Or how about lenses that flip images? Our eyes naturally flip images and our brain just flips it again. If you make people wear lenses that invert the image going to their eye, the brain keeps flipping it for a little bit, but then learns not to. And we also know our brains process faces separately from all other images and only do that when they’re the right way around, which is why you can mangle a painted face and people won’t notice if the image is turned. Would you be immune to a soulgaze if you’d just put on the inverting lens, even though you were still aware you were looking into someone’s eyes, because your facial recognition wasn’t actually fired up? If you have one of those very specific brain disorders that messes with this part of your brain, are you permanently immune?
Conversely, if hallucinating someone’s not there protects you from the soulgaze, what if you hallucinate someone is there? Or dream? I’d assume you can’t straight up soulgaze an imaginary person, you have to have another person to actually poke around the soul of, but say you both have your eyes closed but are picturing the person’s face staring at you. Your brain has the image of the person’s eyes staring at you, and the soul is in the same location as it would be if you opened your eyes. Does there need to be actual light bouncing between the two sets of eyes to transmit the soul?
Is soulgazing partly about recognizing another human being? Harry made a big deal last book about how you must be this human for eyefucking with him, but what if instead of that being a way for Harry to tell, it’s a reflection of what Harry already subconsciously feels? He’s certainly surprised by when it works, but Tera is a complete anathema to everything he believes in while the lycanthropes are defined by alpha male posturing and violence with a touch of sexual rage – Harry may not have enjoyed seeing inside the guy’s soul, but he doesn’t seem to have had any difficulty understanding it. And we know that the lycanthropes were defined as not having a human soul, yet they counted more than Tera who, different as she was, seemed to have a much more compatible emotional range. And that’d suggest that visual barriers, or even eyes themselves, aren’t the point – the only reason Harry thinks eyes are the window to the soul is because he was taught as much, and there’s enough cultural support it works with pretty much anyone you meet. For that matter, maybe Tera flunked solely because she doesn’t give a damn about eyes and humanness is about having mutually held beliefs on how to best see into a person’s soul.
Back to the story. Harry, having failed on Plan Soulgaze, starts ordering the police to go loot the evidence locker for Evilly McEvilson’s spellbooks. He phrases this as though it’s in response to asking how they can help Murphy, but actually he’s going to do a spell he already knows, so I guess he figured he needed this slight of hand to make sure they gave him the books. In fairness, I can see the police being a bit leery about handing over evil magic books to a new magic user even if they did trust him.
While that’s happening, it’s circle time! He draws one with chalk, then uses will to close it, then goes to his memories of friendship to power the next part.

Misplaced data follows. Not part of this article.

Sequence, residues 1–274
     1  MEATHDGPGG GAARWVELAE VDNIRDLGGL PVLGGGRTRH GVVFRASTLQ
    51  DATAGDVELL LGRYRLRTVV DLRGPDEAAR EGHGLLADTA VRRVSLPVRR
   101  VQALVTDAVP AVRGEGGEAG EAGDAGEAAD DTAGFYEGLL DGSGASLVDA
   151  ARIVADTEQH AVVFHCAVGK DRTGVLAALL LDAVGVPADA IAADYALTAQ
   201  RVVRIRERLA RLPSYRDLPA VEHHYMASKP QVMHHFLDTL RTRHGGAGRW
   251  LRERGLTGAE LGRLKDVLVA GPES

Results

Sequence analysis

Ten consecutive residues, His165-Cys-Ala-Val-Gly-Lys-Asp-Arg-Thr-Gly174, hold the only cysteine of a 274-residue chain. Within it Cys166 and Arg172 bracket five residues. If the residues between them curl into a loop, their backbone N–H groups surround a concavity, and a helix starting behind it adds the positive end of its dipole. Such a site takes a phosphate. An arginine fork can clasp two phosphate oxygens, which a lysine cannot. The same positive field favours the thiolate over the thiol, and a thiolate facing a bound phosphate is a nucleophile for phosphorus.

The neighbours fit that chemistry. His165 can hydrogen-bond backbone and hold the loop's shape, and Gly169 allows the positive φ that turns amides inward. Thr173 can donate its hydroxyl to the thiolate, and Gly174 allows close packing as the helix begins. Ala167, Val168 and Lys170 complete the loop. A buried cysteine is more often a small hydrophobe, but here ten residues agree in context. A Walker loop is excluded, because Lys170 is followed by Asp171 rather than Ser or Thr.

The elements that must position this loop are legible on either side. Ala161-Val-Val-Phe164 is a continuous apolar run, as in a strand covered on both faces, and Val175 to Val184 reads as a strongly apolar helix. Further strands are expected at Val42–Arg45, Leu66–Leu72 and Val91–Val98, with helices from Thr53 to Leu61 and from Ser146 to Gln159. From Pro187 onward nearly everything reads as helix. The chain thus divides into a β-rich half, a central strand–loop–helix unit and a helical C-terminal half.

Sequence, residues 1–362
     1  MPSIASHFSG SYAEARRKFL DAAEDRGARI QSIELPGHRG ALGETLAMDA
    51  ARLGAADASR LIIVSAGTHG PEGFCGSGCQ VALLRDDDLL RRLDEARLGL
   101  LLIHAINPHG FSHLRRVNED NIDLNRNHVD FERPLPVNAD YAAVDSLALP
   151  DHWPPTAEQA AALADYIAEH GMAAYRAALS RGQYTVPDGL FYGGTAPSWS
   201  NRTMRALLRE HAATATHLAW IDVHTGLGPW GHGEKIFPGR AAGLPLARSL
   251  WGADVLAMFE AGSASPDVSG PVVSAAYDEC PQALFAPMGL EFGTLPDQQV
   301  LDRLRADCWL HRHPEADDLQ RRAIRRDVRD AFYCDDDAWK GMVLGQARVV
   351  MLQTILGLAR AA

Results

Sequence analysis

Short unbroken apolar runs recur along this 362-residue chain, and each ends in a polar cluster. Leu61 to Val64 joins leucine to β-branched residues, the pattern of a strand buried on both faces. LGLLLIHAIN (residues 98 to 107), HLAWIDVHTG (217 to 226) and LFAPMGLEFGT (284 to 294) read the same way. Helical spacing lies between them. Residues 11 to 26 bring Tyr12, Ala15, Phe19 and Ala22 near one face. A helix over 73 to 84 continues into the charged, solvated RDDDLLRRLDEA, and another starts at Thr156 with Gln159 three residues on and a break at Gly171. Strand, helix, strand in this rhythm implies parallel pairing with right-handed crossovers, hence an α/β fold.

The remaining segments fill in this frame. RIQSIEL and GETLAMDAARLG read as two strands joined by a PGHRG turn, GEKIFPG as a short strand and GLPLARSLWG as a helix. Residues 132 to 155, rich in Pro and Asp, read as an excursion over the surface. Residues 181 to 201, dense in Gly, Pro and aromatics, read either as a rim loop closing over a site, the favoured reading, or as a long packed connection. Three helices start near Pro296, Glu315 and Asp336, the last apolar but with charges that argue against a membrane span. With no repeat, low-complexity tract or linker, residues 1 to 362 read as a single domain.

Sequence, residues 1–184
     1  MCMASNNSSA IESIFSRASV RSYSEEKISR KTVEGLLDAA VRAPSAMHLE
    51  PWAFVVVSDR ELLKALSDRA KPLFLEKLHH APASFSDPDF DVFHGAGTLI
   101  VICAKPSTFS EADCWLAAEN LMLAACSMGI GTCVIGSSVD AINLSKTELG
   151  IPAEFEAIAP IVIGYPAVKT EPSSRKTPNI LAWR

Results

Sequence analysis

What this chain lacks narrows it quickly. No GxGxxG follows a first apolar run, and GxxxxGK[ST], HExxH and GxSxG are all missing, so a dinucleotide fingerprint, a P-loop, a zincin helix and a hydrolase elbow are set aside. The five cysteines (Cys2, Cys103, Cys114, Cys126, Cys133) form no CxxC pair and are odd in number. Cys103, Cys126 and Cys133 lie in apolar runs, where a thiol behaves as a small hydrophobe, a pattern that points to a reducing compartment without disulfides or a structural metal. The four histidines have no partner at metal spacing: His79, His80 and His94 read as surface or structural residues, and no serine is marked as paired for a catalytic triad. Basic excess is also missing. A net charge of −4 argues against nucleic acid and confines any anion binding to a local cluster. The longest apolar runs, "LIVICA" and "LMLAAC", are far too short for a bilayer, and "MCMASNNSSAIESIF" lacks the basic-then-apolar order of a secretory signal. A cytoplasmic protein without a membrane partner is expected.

And…I do think there’s something for my theory he’s fucking himself up emotionally.
I put my hand on her cold fingers, and thought about all the stuff we’d been through, the bond of friendship that had grown between us. Good times and bad, Murph’s heart had always been in the right place. She didn’t deserve this kind of torment.
A great fury began to stir in me – not some vaporous, swiftly dissipated flash of anger, but something deeper, darker, more calm and more dangerous. Rage. Rage that this sort of thing should happen to someone as selfless and caring as Murphy. Rage that the creature had used my power, my face, to trick its way close to her and to hurt her.
From that rage came the power I needed.
It sounds like he started off trying to reach for positive emotions, like friendship, and it quickly twists into anger, and then he says despite how this seemed to happen suddenly the anger isn’t the flash of anger type, perhaps because that part got sucked straight in. He then stokes the even worse rage, the kind that feeds on itself to build up in apparent calm, either because he’s used to seeking out self-renewing emotions on purpose for magic or worse, because it’s just that everything else was already fed to the magic but this kind of thing keeps generating so it stays with you throughout.
The spell that results appears to be a perfectly benign sleep spell, but of course, it’s always seemed like you can pour any emotion into any spell and I think that’s actually worse as far as realizing what’s going on in time. Someone in the grip of cold, determined rage can move gently, but it doesn’t mean they aren’t dangerous to everyone around them.
With an effort of will, I smudged the circle and broke it.
And this too is odd, especially because he then has to spend more magic power activating it again and given how difficult that is. It suggests willpower circles are magically kept in place and you have to break the magic to damage them, which really doesn’t seem to fit with how circles are traditionally used. I’m guessing the author is assuming that you have to have something stopping the creature you’re binding from disrupting the circle, but normally that’s covered by saying that anything the circle is actively warding against can’t affect it, not that nobody can affect it.
Or maybe Harry actually did bind himself into the circle in the process? That could be pretty dangerous if you run low on power.
We end with Harry remembering that Michael exists again and, now that he’s walled off Murphy, he should probably go do something about that. Calling is just another busy signal, so off he goes to try to find the guy.
But first, threats!
Rudolph’s expression was serious, earnest. He’d never much liked me, anyway. “I mean it, Dresden. If you let Murphy get hurt, I’ll kill you.”
“Kid, if anything happens to Murphy because of me …” I sighed. “I think I’ll let you.”
Really cliche threats with an uncomfortably gendered component (it’s pretty much always guy accepting total responsibility/protection over girl).